The 'Stop-Go' Squeezes of the 1950s and 1960s

Background: The Period in Perspective

This chapter explores four 'stop-go' squeezes of the 1950s and 1960s under Conservative and Labour Governments. In Chapter Two we identified a double soft squeeze in the early to mid-1950s, a short-lived revenue squeeze in the early 1960s and two further squeezes (the first revenue-only, the second a hybrid of spending and revenue) in the middle and later 1960s. As Chapter Two showed, both the spending squeezes were modest compared to the episodes of the 1920s and 1940s and the revenue squeezes were all slightly more modest than that of 1931 in terms of revenue increase relative to GDP. Nevertheless, some of these squeezes (particularly the 'Butler' episode of the mid-1950s and the Labour squeeze after devaluation of the currency in 1967) represented real political effort, as we will show later.

All these squeezes occurred in conditions of low unemployment and during a time when a fixed exchange rate system for currencies established by international agreement in 1944 resulted in recurring balance of payments pressures on the UK in the face of low productivity growth, inflation, and weak export performance. So, as with the post-World War II Labour squeezes discussed in the previous chapter, fiscal policy at this time was heavily concerned with containing domestic demand and inflation and not just with financing government expenditure, such that the pressure for squeezes tended to come from balance of payments deficits as much as from budgetary deficits.[1]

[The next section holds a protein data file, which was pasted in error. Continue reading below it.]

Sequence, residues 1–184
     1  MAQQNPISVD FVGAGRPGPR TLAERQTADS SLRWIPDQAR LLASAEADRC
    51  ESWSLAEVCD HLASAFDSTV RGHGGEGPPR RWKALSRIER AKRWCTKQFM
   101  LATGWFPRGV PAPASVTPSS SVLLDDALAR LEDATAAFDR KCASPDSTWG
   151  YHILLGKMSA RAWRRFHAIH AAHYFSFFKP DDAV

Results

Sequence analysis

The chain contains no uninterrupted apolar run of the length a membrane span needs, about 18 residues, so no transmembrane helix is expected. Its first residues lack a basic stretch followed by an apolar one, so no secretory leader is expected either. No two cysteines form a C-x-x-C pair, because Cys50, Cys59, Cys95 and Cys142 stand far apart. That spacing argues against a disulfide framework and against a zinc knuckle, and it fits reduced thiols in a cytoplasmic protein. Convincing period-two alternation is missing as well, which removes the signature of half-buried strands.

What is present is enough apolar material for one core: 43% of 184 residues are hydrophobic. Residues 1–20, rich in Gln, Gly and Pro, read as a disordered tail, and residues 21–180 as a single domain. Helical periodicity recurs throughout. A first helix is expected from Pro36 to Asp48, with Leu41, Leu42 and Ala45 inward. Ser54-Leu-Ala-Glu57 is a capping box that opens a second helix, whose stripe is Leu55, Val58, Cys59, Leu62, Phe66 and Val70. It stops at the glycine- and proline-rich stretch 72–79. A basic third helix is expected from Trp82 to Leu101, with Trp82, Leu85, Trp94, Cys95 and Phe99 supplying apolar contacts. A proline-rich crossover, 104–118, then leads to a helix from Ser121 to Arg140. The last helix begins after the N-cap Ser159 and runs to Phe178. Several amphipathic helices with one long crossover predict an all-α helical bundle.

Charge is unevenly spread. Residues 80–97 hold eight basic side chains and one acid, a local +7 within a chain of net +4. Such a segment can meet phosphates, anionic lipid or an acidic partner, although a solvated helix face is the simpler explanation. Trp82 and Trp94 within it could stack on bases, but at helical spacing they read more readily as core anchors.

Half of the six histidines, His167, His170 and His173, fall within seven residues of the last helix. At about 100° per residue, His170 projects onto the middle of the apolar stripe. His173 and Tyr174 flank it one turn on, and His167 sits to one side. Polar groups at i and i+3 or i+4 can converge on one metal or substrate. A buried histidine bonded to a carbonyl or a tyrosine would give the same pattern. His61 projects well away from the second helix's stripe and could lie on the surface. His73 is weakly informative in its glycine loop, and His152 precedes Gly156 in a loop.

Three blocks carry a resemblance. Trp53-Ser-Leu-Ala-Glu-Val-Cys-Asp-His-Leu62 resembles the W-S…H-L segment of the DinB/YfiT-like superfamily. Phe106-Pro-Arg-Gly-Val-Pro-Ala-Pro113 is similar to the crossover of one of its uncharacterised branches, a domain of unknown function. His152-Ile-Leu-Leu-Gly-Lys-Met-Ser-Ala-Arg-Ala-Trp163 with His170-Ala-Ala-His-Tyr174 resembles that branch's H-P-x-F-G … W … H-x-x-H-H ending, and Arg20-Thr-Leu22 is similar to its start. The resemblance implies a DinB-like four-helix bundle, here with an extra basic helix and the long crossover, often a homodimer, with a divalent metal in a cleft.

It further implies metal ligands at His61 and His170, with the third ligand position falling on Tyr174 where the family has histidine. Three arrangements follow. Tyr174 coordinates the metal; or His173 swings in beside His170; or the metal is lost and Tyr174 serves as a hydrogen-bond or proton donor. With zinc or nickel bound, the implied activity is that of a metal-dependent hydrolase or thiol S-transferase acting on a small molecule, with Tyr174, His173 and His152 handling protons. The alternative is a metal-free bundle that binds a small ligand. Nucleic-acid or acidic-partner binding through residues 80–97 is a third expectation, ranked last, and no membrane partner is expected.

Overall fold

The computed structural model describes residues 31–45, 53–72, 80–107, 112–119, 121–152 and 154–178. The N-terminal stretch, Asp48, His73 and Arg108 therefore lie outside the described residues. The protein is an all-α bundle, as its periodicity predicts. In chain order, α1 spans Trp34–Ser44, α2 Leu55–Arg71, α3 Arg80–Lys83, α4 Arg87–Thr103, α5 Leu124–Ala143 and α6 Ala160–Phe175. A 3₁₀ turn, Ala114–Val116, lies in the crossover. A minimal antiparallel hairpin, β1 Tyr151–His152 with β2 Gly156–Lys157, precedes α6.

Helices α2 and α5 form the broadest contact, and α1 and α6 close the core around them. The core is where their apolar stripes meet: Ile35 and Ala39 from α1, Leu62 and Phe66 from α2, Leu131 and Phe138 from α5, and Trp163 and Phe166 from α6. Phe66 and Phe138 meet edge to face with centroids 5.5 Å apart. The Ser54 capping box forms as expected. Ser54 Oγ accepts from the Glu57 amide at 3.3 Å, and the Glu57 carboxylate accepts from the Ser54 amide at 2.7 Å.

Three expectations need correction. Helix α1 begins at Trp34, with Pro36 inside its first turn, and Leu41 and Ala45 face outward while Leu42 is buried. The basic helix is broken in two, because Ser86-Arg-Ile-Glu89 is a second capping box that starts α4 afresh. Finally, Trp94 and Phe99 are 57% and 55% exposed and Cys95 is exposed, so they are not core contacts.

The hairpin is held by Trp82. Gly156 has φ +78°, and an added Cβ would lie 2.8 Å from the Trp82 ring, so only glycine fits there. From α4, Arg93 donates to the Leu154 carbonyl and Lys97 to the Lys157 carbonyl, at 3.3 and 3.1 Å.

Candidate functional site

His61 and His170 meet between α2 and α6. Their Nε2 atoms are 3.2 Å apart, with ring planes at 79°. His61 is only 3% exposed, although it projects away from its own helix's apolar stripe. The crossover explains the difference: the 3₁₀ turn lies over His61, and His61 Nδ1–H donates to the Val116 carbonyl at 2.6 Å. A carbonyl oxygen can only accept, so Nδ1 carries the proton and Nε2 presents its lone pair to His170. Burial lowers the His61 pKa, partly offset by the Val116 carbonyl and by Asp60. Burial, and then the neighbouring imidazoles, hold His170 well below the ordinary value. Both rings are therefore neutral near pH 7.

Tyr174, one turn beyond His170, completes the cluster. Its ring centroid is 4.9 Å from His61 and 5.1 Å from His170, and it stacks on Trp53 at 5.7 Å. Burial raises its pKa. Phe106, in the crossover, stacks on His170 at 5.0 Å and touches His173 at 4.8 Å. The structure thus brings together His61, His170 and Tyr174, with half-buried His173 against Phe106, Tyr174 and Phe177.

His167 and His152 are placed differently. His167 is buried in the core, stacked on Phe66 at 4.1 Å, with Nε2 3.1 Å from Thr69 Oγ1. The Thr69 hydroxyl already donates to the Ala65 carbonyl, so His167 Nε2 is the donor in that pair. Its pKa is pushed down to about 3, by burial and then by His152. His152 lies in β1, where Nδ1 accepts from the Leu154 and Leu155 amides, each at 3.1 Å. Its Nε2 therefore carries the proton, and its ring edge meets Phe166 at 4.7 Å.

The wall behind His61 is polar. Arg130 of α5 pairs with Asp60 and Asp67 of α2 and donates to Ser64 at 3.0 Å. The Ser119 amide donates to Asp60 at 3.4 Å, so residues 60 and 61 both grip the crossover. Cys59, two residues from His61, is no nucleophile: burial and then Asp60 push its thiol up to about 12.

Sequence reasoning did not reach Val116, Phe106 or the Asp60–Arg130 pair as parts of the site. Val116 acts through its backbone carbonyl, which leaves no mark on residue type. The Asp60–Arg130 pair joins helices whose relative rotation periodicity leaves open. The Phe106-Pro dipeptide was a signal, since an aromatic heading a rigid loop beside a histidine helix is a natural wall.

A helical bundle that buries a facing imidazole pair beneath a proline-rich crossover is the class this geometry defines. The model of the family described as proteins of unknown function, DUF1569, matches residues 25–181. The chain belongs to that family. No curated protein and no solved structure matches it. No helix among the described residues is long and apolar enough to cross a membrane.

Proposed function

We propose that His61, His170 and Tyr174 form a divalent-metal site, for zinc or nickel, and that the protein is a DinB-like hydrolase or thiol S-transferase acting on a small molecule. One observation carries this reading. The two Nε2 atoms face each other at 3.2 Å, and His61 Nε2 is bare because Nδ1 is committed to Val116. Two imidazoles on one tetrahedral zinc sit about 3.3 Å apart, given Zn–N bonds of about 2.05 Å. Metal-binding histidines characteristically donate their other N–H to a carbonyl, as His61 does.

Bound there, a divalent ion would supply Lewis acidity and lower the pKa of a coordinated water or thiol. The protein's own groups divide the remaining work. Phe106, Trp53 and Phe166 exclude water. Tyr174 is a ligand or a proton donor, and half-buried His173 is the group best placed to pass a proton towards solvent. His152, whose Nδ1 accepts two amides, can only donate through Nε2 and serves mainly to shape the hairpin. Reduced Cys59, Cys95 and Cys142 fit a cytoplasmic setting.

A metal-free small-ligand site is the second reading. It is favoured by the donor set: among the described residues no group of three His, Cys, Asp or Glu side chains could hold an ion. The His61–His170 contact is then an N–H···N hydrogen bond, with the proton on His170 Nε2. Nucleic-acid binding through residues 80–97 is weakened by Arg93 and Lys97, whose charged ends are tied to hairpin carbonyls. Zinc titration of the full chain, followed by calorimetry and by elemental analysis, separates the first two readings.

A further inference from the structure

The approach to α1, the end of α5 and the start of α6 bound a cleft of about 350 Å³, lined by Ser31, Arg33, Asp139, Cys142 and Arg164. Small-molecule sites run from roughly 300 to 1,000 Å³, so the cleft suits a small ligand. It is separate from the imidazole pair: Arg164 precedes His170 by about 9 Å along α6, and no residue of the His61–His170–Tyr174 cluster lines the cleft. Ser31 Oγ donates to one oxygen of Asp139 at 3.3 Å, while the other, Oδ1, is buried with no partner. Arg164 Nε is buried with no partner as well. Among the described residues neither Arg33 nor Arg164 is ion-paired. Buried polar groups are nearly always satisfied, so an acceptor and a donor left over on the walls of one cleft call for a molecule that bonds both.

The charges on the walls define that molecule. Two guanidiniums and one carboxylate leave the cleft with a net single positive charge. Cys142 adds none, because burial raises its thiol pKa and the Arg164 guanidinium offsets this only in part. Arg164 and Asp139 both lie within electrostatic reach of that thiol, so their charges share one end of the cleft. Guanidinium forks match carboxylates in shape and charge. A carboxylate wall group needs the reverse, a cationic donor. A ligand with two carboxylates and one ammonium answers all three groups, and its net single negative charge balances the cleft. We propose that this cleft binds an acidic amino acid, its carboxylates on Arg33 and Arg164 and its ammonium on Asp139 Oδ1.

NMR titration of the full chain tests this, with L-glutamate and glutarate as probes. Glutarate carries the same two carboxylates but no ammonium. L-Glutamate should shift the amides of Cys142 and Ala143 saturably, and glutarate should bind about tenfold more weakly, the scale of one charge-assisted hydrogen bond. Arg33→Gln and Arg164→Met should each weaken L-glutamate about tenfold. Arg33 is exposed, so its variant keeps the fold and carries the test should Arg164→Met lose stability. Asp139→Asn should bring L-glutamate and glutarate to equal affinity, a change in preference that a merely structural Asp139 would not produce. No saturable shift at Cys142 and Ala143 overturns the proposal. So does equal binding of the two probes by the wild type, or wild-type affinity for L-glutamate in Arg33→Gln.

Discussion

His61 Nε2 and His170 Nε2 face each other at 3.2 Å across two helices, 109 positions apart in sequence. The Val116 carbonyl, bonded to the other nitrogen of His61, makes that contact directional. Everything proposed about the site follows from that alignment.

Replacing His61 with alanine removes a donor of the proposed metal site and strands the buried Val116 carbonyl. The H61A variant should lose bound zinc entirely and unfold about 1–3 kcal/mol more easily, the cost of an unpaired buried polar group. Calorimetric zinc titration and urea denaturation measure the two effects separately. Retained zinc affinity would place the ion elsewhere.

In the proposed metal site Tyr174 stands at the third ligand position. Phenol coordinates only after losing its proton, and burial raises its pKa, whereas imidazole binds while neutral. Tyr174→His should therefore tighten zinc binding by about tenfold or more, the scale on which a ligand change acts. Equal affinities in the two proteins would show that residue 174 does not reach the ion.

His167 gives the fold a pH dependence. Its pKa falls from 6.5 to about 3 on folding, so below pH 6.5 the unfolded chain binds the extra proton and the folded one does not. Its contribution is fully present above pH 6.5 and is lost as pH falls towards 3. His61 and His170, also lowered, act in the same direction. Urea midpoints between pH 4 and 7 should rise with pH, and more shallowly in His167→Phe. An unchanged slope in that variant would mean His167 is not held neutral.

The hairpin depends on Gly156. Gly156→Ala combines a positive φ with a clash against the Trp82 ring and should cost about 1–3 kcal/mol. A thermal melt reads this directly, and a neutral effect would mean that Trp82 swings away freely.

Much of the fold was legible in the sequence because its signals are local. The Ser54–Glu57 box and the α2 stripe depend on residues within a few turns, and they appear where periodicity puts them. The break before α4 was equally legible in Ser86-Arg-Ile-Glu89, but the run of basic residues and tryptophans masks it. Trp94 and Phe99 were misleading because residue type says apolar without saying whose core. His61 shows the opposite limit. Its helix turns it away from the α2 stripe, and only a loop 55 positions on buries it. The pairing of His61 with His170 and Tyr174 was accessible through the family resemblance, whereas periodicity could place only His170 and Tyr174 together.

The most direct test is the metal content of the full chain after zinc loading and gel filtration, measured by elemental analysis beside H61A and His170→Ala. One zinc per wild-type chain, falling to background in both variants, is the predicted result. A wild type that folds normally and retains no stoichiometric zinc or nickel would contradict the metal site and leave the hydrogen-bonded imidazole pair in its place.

• [1] See Rollings and Middleton (2002);McCombie, Thirlwall, and Thompson (1994). There weresurpluses on the primary balance during this period, though all four squeezes were preceded bybudgetary deficits.
 
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